Rehearing Denied March 4, 1952.
Award set aside.
Laney & Laney, of Phoenix, for petitioner.
H. S. McCluskey, of Phoenix (Robert E. Yount and Robert W. Pickrell, Phoenix, of counsel), for respondent Industrial Commission of Arizona.
Darrell R. Parker, of Phoenix, for respondent Agro Phosphate Co., a California corporation.
Stanford, Justice. Udall, C. J., and Phelps, De Concini and La Prade, JJ., concur.
[73 Ariz. 265] On April 28, 1950, Elton Ernest Carnes, Jr. sustained fatal injuries from an accident arising out of and in the course of his employment. He left surviving him his widow, Edna Florence Carnes, petitioner, and three minor children. The accident was caused by an explosion which occurred while Carnes was welding a liquid fertilizer tank owned by the Arizona Agro Phosphate Company, an Arizona corporation, on its premises in Phoenix.
Petitioner duly filed her application for compensation with the Industrial Commission of Arizona. In due course a hearing was held and, on April 28, 1951, the commission entered its finding and award, denying compensation to the petitioner on the ground that decedent, at the time of his injury, was the employee of the Agro Phosphate Company, a California corporation. Upon rehearing, the commission handed down its decision affirming its prior award denying compensation.
For about three years prior to the date of the accident Carnes had been steadily employed in California by a California corporation known as the Agro Phosphate Company, working on liquid fertilizer tanks owned by it. The business of the California corporation, as well as that of the Arizona corporation, was the sale and [73 Ariz. 266] distribution of liquid fertilizer. The officers and controlling stockholders of both corporations were members of the Greening family, of California.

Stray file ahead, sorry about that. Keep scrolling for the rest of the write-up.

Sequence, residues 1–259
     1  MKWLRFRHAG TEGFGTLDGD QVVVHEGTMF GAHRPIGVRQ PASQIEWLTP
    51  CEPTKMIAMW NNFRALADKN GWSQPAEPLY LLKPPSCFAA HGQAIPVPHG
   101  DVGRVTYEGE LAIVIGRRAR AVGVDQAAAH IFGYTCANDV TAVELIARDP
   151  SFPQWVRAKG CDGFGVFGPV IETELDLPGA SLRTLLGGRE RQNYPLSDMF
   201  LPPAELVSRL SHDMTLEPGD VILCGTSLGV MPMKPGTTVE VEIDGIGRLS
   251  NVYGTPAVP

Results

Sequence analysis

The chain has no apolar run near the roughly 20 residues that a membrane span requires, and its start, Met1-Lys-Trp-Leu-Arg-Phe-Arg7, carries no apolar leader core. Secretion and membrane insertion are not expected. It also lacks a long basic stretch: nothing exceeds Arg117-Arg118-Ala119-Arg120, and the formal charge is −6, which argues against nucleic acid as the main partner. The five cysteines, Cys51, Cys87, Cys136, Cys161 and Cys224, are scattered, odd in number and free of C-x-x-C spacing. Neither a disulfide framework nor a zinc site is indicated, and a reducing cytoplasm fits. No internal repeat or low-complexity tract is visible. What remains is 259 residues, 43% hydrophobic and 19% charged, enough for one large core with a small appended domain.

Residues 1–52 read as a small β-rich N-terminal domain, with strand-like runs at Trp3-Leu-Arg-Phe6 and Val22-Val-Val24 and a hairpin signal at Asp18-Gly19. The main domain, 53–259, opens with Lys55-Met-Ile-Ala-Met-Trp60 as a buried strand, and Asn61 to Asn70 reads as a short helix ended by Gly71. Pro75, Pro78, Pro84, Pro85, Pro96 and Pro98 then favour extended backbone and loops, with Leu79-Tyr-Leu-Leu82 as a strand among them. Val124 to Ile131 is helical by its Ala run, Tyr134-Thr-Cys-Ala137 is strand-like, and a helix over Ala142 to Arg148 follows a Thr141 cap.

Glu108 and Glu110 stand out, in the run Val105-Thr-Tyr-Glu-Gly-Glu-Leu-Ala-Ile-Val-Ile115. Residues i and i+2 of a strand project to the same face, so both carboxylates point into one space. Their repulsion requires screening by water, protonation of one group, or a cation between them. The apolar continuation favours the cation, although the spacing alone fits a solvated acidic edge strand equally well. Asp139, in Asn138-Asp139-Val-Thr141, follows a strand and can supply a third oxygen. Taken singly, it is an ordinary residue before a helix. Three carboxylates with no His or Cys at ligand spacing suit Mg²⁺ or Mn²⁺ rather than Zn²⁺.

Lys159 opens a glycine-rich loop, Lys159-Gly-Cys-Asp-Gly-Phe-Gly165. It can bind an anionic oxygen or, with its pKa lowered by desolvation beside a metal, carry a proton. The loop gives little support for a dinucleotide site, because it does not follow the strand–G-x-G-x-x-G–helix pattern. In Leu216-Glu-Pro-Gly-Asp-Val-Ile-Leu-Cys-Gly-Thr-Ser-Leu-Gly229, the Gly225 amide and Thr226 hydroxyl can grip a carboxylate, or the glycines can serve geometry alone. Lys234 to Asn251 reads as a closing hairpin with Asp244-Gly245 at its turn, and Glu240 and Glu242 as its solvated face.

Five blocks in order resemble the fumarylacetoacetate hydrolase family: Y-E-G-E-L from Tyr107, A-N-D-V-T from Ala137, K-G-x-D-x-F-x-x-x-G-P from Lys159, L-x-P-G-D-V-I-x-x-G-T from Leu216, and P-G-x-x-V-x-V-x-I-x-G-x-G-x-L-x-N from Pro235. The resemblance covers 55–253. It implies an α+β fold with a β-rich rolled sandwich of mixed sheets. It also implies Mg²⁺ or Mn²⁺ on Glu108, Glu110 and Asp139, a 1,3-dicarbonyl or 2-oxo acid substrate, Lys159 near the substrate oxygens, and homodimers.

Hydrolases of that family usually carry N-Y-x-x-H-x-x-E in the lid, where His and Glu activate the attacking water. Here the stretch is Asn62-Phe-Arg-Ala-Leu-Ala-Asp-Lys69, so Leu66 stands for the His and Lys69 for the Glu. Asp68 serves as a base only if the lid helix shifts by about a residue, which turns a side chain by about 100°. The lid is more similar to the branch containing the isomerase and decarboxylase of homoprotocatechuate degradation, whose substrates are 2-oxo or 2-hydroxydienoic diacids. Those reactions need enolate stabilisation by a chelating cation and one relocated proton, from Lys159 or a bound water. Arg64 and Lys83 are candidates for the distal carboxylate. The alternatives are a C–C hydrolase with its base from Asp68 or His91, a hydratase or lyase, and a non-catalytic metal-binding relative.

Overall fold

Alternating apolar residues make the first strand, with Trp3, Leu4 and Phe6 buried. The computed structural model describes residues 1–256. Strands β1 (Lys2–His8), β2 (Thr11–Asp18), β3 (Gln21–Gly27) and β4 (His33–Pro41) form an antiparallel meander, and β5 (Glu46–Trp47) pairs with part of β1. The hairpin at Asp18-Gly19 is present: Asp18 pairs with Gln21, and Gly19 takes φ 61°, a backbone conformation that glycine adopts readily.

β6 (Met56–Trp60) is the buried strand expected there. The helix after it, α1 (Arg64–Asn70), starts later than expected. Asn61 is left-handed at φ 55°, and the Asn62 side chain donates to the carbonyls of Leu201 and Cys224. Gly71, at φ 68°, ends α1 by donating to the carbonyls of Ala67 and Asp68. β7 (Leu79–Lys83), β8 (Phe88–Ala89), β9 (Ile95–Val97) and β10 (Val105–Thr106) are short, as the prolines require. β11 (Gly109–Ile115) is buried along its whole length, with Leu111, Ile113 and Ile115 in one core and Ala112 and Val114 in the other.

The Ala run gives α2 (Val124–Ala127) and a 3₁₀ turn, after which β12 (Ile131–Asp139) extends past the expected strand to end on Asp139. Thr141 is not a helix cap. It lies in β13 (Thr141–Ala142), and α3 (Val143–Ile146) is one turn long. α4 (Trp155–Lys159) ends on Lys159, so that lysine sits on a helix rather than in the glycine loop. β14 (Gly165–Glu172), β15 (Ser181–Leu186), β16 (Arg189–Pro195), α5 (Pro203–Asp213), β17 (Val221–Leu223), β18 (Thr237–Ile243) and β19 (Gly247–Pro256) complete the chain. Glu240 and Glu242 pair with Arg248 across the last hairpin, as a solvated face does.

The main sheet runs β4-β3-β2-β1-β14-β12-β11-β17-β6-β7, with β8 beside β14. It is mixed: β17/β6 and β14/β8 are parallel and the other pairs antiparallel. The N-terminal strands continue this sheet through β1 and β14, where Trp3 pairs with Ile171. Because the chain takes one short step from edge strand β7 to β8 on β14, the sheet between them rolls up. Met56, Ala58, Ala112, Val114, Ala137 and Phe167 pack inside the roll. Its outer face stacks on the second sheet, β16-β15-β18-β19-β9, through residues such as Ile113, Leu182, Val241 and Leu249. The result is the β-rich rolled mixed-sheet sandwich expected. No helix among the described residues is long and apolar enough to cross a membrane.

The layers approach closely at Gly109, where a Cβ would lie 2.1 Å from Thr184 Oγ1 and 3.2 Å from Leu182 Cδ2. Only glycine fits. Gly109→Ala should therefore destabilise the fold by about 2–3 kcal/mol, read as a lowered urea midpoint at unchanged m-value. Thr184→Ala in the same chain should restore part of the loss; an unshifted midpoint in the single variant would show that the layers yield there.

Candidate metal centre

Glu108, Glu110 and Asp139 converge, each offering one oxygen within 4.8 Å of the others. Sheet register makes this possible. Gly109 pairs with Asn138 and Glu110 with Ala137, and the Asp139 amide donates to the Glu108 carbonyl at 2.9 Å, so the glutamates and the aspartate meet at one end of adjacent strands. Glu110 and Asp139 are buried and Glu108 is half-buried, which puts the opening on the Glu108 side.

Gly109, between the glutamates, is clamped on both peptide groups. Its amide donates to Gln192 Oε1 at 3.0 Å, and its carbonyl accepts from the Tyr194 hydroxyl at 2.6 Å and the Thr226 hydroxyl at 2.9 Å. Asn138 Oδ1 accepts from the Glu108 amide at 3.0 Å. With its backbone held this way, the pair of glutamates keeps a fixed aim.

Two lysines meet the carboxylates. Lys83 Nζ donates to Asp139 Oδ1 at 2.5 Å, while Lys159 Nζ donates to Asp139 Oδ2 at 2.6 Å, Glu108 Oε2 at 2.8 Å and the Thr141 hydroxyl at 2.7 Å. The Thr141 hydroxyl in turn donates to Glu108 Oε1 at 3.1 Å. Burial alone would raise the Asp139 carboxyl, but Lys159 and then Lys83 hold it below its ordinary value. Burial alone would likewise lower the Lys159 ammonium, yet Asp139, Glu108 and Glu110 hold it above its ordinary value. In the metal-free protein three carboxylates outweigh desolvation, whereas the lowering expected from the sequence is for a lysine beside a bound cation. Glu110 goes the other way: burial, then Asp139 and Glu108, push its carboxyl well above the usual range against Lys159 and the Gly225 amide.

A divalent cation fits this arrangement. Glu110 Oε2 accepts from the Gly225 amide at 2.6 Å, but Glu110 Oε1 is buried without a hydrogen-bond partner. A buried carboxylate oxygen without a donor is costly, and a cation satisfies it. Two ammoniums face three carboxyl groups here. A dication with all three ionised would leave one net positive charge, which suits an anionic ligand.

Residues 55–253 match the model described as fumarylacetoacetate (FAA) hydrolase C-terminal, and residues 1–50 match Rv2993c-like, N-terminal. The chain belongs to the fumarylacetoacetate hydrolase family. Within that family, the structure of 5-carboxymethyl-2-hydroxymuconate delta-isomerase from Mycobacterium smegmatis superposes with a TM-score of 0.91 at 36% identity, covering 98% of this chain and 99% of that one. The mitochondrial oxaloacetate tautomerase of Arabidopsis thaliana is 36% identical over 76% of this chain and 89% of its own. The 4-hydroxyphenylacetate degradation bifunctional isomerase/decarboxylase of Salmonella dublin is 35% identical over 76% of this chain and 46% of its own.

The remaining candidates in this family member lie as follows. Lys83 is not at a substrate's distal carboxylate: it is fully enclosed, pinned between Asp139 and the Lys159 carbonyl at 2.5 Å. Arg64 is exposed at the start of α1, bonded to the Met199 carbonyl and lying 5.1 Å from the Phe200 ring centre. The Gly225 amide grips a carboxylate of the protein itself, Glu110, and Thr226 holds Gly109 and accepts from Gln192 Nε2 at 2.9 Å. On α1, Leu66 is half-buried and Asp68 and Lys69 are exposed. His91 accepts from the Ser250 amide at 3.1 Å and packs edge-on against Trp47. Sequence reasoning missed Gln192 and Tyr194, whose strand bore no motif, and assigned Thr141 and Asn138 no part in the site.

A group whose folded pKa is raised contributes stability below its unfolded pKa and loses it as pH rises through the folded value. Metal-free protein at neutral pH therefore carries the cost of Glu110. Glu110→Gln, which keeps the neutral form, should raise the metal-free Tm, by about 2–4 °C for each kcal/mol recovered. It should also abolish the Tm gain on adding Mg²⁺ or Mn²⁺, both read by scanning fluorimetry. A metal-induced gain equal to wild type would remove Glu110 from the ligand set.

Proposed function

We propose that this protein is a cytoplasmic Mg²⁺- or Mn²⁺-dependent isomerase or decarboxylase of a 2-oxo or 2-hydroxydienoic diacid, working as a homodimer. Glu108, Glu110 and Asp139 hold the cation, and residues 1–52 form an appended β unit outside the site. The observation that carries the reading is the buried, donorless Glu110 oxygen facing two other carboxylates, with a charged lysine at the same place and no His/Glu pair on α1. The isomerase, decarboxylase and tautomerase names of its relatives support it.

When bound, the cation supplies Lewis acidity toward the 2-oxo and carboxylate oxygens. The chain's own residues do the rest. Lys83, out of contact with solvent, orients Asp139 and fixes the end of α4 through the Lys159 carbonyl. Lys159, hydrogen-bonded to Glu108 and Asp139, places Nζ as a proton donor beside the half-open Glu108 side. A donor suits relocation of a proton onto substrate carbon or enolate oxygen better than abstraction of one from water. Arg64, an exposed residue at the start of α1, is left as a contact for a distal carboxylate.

A few days before the date of the accident, Raymond Laine, the manager of the Arizona corporation, telephoned Gordon Greening, who was president of the California corporation, and also secretary-treasurer of the Arizona corporation, and asked Greening to loan Carnes to him to do some welding on tanks of the Arizona corporation which were in need of repair. During the previous two years it had been the custom of the Arizona corporation on occasion to borrow skilled employees from the California corporation. On all these occasions the employees would remain on the payroll of the California corporation, although the wages for the time they worked for the Arizona corporation and a proportionate share of withholding and social security taxes, together with a small amount for bookkeeping, would be charged to the Arizona corporation on an open account and later paid by the Arizona corporation. Carnes agreed to go to Arizona and do the work for the Arizona corporation, whereupon Greening, acting as secretary-treasurer of the Arizona corporation, drew a check for fifty dollars on the Arizona corporation in favor of Carnes, as expense money for his trip. Two years previous to this, Carnes, under the same arrangement, had worked for the Arizona corporation in Phoenix, building storage tanks under Laine's direction.
On April 27, 1950 Carnes arrived at the plant of the local company in Phoenix. He asked to see Laine, the manager, but the latter was out. When Laine returned to the plant he outlined the work he wanted done. He showed Carnes the tanks he wanted welded and where the leaks were in those tanks. Laine furnished Carnes a welding machine with which to work and had some of his men assist Carnes in preparing the tanks that were to be welded. Laine stayed after normal quitting time that evening and directed Carnes in his work until about 7 o'clock when they both quit for the day. The explosion which was fatal to Carnes took place the following evening. The tank on which Carnes was welding at the time of the explosion had developed a leak after Carnes had arrived on the job and Laine had asked Carnes to repair the same.
This appeal is from the award of the industrial commission denying petitioner's claim for compensation under the ...